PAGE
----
What is bruxism? Well, bruxism is when people tend to clench their teeth together or grind them. Grinding teeth means that they rub the teeth back and forth over one another. This condition can happen while the patient is awake or asleep. The former tends to only involve clenching rather than grinding.
Grinding and clenching your teeth is a common involuntary reaction to fear, anger, or stress. In some patients, this reaction plays out frequently every day, even if they do not respond to an immediate stressor. These movements you are not aware of most of the time are part of a bruxism disorder.
Dental surgeons across the world, as well as researchers, have tried to find the truth about what causes bruxism, but it remains unclear to this day.
Teeth clenching can also present a potential factor for bruxism as clenching is when an individual places
a certain amount of pressure over each teeth and squeezes their muscles.
These would include the following:
But remember that clenching does not require the individual to move their jaw in any direction whatsoever.
Causes of bruxism can be presented in the following states of emotion:
Other forms of early symptoms of this condition can be traced to constant activity in the human brain.
What are the Symptoms of Bruxism?
The symptoms of bruxism include grinding noises, particularly of nocturnal bruxism, that happen at night. This may be commented upon by a sleeping roommate or partner because the bruxist (the patient) may not realize that they grind their teeth.
Other tell-tale signs that you may have bruxism include:
- headaches in the morning or all-day
- facial muscle pain, especially the jaw and cheeks
- aching jaw and limited mouth opening
- tightness and stiffness of the shoulders
In addition to these symptoms, bruxists may also acquire more long-lasting problems, including cracked and worn teeth. This may be fixed by dental specialists; however, the teeth’ enamel, which may be damaged by bruxism, cannot grow back.
Other long-term symptoms of bruxism include:
- tooth sensitivity – the teeth may be sensitive to cold, hot, or sweet foods
- stiffness and pain of the jaw joint
- swelling and recession of the gums
- premature loss of teeth
The Negative Effect of Bruxism on your Body and Overall Health
As dental specialists everywhere try to understand this condition’s causes, the effects on individuals who suffer from this problem are much more apparent.
The simple act of clenching and grinding your teeth is already bad as it deteriorates your teeth, but what
really occurs during episodes of bruxism?
Teeth debilitate over time, thus causing the following:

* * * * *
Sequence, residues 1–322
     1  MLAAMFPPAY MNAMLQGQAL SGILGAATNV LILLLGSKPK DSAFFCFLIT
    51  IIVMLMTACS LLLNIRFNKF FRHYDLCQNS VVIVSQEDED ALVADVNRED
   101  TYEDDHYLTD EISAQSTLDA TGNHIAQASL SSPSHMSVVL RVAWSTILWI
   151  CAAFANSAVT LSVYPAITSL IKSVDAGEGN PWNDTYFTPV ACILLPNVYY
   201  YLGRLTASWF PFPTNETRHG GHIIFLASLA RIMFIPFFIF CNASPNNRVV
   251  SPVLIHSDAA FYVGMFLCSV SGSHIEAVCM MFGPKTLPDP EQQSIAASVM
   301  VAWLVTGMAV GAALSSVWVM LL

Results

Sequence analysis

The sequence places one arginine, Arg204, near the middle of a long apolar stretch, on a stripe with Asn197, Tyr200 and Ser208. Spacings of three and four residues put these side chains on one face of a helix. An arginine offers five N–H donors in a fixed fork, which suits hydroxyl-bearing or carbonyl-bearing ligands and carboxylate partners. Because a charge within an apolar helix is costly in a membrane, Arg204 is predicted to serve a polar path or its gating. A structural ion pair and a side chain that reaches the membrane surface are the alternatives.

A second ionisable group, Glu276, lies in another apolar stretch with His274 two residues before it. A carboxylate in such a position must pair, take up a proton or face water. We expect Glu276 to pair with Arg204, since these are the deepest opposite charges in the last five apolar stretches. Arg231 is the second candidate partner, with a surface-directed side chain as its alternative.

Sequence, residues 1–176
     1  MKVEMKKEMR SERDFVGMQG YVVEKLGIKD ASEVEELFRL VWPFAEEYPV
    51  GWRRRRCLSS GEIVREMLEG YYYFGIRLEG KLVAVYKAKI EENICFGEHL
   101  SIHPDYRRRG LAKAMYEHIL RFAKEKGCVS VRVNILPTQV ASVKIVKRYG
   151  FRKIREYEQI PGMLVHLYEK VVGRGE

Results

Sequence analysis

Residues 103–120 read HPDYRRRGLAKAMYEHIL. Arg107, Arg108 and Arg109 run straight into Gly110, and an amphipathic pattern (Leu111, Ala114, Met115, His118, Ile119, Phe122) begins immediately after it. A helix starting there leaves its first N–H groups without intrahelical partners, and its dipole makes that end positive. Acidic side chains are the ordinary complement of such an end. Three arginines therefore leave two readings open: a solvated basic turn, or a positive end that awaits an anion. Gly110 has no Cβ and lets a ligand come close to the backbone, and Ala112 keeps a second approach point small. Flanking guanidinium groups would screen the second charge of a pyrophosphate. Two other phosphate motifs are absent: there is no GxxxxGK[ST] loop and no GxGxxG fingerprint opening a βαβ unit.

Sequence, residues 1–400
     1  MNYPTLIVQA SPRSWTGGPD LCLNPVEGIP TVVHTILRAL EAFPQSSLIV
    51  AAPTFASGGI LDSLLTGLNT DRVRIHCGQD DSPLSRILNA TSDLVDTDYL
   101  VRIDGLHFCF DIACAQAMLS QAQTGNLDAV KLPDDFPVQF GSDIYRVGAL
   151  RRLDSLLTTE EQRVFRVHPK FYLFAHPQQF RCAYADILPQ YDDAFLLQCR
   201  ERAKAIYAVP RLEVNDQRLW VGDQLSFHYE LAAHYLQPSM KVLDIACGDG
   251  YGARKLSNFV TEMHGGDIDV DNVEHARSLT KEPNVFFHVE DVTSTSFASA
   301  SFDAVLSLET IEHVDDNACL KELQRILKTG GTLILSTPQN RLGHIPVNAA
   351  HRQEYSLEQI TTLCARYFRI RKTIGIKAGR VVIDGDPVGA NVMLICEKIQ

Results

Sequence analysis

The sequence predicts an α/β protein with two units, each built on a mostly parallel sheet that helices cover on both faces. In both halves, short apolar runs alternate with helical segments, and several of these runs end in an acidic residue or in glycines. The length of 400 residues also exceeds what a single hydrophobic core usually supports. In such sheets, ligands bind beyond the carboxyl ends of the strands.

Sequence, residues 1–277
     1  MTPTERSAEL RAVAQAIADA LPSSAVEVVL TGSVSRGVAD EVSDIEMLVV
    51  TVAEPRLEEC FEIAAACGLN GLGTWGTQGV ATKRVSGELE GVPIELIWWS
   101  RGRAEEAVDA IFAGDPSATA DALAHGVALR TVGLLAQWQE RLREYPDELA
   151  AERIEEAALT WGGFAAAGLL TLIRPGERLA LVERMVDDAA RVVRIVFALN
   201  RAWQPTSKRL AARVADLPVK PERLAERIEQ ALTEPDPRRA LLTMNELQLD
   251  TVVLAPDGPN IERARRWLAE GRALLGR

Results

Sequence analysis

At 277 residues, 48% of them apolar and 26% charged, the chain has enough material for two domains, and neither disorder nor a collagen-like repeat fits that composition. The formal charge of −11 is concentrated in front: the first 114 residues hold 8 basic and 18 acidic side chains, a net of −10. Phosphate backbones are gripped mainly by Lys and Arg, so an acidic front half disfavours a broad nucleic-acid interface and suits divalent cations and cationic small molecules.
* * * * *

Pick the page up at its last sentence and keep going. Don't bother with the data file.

- Blunt teeth
Not only are muscles involved, but facial tissue as well. That, in the end, affects your overall jaw structure.
This can lead to much more apparent results, including:
- Sore gums
- Broken, fractured, or lose teeth
- Overall jaw pain
The worst-case scenario is that the joints located in the person’s jaw will suddenly pop out of place or click abnormally. These joints are also located near the ear canals, which cause earaches.
Bruxism related episodes can occur during the day and night. Still, as many studies have shown, bruxism related to sleep disorders poses a crucial threat because it is much harder to control or even treat.
As many may know, bruxism is closely related to the most common sleep patterns and disorders many Americans may experience during sleep, which go hand in hand with the following condition:
- Sleep apnea (abnormal sleep oriented patterns that occur while breathing during sleeping sessions.)
- Insomnia (the individual may have difficulty sleeping or when trying to fall asleep. In most cases, the person may struggle through unordinary patterns of waking up and sleep.)
- RLS (restless legs syndrome is a sleeping disorder involving movement.)
What Can I Do to Stop Grinding My Teeth?
A dentist in Tijuana can fit you with a mouth guard to protect your teeth. But first, we need to make a proper diagnosis, so we invite you to book an appointment with us and start a treatment plan to protect your teeth from grinding during your sleep. Stress and different situations can trigger it, but we can help you find a solution by exploring options to reduce stress or other alternatives. Call us today.
Your dentist can fit you with a mouth guard to protect your teeth from grinding during sleep.
If stress causes you to grind your teeth, ask your doctor or dentist about options to reduce your stress. Attending stress counseling, starting an exercise program, seeing a physical therapist, or obtaining a prescription for muscle relaxants are among some of the options that may be offered.
If a sleeping disorder is causing the grinding, treating it may reduce or eliminate the grinding habit.